Republicans filibuster Hagel’s nomination
Defense Secretary nominee Chuck Hagel will have to wait at least another week before the Senate votes on his nomination.
The Republicans launched a filibuster against the former Republican two-term senator from Nebraska by voting to continue the debate over President Obama’s nomination to name Hagel the next secretary of defense. Senate Majority Leader Harry Reid, D-Nev., called for a cloture vote at 4:15 p.m. EST on Thursday in which 60 votes were needed to end debate and vote on the nomination.
Only 58 senators voted in support of the cloture meaning debate will continue. The Democrat majority voted in favor of the cloture, but could only find four Republicans to vote against the filibuster. In a procedural move, Reid switched his vote against the cloture once the Democrats realized they did not have the votes needed to block the filibuster.
Sen. Orrin Hatch, R-Utah, voted present in the vote. If he had voted for the cloture, the vote on Hagel’s nomination would have taken place. Republican leaders signaled that they will likely vote to end the debate after next week’s Congressional recess.
Hagel is the first defense secretary nominee in history to be filibustered. Other defense secretary nominees have not been confirmed, but none have ever been filibustered.
The Republicans have said they still need more information in order to vote on Hagel’s nomination — namely more of Hagel’s personal financial records as well as more information about President Obama’s oversight following the terrorist attacks against the U.S. consulate in Benghazi, Libya.
Senate Armed Services Committee Chairman Sen. Carl Levin, D-Calif., said before the vote that all reasonable requests for information had been supplied to Republican senators. Sen. Jim Inhofe, R-Okla., the SASC ranking member, disagreed saying requests from fellow Republican committee members such as Sen. Ted Cruz, R-Texas, remained outstanding.
Reid said the next vote to end debate will come on Feb. 26 after the planned week-long recess for Congress following President’s Day on Monday.
Republican leaders tried to make their case on the Senate floor following the cloture vote that they had not launched a filibuster.
“This is not an attempt to kill the nomination,” said Senate Minority Whip Sen. John Cornyn, R-Texas. “This is not a filibuster.”
A back and forth on the Senate floor followed the vote in which Democrats and Republicans argued whether the Republicans had filibustered Hagel’s nomination.
“By every definition…this is a filibuster,” said Senate Majority Whip Sen. Dick Durbin, D-Ill.
Asked about the blockage of his nominee on a Google chat President Obama participated in Thursday, Obama said “its unfortunate this kind of politics is going on” when U.S. troops are fighting a war in Afghanistan.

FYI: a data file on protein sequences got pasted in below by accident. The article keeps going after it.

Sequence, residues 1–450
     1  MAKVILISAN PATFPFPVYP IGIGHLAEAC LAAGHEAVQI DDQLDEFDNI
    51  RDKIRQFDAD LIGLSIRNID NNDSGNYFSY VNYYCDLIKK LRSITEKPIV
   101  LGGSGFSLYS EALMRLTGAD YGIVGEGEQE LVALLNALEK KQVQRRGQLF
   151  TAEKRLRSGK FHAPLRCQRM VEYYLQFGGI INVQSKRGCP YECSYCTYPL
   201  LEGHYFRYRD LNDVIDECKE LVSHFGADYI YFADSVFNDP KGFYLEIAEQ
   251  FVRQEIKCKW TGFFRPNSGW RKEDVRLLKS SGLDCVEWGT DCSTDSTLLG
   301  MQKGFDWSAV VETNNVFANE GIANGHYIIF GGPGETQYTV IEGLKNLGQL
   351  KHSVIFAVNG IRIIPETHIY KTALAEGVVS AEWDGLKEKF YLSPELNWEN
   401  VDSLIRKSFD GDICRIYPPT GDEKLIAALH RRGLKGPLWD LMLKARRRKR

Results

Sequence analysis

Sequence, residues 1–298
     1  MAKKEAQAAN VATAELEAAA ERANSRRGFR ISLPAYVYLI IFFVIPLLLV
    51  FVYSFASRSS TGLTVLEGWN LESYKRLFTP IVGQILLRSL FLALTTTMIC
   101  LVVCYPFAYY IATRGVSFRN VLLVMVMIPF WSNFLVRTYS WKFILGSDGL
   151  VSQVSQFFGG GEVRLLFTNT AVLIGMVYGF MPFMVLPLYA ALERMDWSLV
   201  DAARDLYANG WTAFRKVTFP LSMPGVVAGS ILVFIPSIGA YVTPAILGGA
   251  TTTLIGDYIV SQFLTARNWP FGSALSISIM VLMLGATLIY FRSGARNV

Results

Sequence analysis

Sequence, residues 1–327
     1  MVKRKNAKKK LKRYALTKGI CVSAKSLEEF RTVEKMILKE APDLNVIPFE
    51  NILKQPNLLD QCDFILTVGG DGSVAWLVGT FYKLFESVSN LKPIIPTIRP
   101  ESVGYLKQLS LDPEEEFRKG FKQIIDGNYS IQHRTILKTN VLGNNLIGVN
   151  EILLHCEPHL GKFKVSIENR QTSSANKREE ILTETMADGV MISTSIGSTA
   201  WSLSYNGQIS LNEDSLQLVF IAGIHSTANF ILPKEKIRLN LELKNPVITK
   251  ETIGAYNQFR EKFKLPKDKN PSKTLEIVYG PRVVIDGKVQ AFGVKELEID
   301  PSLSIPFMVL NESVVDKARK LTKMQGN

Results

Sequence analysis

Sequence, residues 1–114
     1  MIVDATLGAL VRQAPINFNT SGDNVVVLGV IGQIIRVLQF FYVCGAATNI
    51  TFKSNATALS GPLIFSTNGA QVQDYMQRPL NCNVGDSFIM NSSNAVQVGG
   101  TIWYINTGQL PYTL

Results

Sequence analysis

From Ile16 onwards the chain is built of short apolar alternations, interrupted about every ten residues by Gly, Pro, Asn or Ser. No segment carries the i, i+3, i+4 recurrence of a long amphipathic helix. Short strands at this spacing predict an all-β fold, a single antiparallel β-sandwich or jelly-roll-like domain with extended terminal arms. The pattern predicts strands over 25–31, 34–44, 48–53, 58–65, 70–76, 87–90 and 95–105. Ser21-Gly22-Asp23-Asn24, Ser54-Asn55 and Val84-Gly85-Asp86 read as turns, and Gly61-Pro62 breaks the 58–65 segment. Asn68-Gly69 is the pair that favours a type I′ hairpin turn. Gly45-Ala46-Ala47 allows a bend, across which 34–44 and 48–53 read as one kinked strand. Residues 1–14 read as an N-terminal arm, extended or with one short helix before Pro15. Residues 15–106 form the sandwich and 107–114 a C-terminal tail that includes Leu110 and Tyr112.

Durbin said on the Senate floor that he found it “peculiar” that the Republicans needed more time to learn about a fellow Republican for a nomination.
“I would have assumed you knew Senator Hagel,” Durbin said motioning to Republicans still on the Senate floor. “He’s a known quantity on your side of the aisle. Probably more so on your side than on our side.”
Current Defense Secretary Leon Panetta had planned to return to his walnut farm in California on Thursday and retire from public office. He said those plans have been delayed until his successor is confirmed.
Reid said the Republicans had put the country in danger by delaying the vote on Panetta’s successor.
“It’s shocking to me that my Republican colleagues would leave our nation without a fully empowered Secretary of Defense [with] all the things we have going on in the world,” Reid said. “There are serious consequences to this delay, consequences that are occurring right now.”
The U.S. secretary of defense was scheduled to attend next week’s NATO defense minister’s meeting in Brussels to continue negotiation with Afghanistan to determine U.S. support after 2014 as well as the ongoing civil war in Syria. Panetta said he will travel to Brussels before returning to California.
Sen. Lindsey Graham, R-SC, says it will not move forward until he gets answers to questions about the terrorist attack on the U.S. consulate in Benghazi. Reid today said Hagel had nothing to do with any U.S. actions regarding Benghazi.
Graham’s Benghazi concern is only the latest issue that GOP Senators have taken issue with during the Hagel nomination process. At his confirmation hearing and again during a committee session on Tuesday before voting on Hagel, some Republicans attacked the former senator for not being a strong enough supporter of Israel and for being weak on Iran.
Sen. Ted Cruz, R-Texas, even questioned whether Hagel took payments or contributions from countries and groups not friendly to the U.S., a suggestion that drew rebukes from senators of both parties, including Sen. John McCain, R-Ariz.
The committee ultimately approved Hagel 14–11 on a party-line vote and sent the nomination to the full Senate.
Reid said the Republicans’ decision to filibuster the defense secretary nomination “sends a terrible signal not only to our military personnel, but to the world.”
In response to Reid, ranking member Sen. Mitch McConnell, R-Ky., slammed Democrats for bringing the U.S. to its current sequestration crises.
McConnell did not mention Hagel or the effort by some GOP Senators to filibuster the vote, but focused entirely on the budget cuts that will take effect in March unless all sides agree to a budget.
“In just 15 days across the board cuts are set to take place unless the President and Senate Democrats come up with a plan to replace them with smarter, targeted reductions” in the budget, McConnell said.